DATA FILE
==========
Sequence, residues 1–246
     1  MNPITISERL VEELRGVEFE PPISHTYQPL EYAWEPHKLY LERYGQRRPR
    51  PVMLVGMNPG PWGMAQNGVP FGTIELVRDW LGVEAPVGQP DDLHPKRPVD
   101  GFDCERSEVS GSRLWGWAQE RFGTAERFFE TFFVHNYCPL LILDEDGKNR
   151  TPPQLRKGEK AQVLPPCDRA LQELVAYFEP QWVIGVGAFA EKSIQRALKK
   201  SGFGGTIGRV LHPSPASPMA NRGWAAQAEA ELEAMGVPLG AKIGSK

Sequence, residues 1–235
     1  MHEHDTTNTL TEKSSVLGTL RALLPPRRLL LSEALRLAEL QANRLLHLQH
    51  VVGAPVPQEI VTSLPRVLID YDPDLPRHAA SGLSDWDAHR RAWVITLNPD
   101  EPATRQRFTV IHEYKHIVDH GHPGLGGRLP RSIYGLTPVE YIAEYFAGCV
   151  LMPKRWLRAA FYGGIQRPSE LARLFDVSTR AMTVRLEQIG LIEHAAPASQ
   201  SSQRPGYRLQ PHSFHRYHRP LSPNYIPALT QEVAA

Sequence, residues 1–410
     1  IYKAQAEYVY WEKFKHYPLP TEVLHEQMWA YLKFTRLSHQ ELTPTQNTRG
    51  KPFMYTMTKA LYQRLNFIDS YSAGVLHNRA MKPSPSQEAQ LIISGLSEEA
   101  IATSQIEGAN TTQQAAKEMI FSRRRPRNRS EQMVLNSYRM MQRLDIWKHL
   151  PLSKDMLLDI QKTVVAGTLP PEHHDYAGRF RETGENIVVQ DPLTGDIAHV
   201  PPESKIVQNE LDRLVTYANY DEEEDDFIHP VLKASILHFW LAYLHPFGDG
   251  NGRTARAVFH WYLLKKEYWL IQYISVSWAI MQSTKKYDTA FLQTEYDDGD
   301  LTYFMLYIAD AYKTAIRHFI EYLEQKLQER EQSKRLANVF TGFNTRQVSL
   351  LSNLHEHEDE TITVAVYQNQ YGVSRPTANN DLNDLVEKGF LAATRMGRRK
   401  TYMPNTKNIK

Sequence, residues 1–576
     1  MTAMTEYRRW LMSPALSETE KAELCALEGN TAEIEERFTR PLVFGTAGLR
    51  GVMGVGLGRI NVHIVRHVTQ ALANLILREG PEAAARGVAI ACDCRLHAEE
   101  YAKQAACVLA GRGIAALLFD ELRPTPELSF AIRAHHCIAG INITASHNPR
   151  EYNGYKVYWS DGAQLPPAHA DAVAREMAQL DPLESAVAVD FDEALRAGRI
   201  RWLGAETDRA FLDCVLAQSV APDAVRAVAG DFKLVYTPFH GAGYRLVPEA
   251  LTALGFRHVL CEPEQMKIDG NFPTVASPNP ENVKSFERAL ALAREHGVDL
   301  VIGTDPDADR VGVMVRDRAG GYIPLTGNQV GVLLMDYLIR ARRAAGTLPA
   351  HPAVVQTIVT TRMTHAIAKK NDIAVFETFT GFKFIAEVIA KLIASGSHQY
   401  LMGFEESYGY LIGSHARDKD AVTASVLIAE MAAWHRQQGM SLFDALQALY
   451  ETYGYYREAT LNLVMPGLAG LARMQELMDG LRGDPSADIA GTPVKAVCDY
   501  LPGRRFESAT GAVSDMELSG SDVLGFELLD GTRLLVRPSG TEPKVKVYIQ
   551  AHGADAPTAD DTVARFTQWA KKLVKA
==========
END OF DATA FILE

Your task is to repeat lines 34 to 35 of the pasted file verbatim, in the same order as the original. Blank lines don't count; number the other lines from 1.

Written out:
   501  LPGRRFESAT GAVSDMELSG SDVLGFELLD GTRLLVRPSG TEPKVKVYIQ
   551  AHGADAPTAD DTVARFTQWA KKLVKA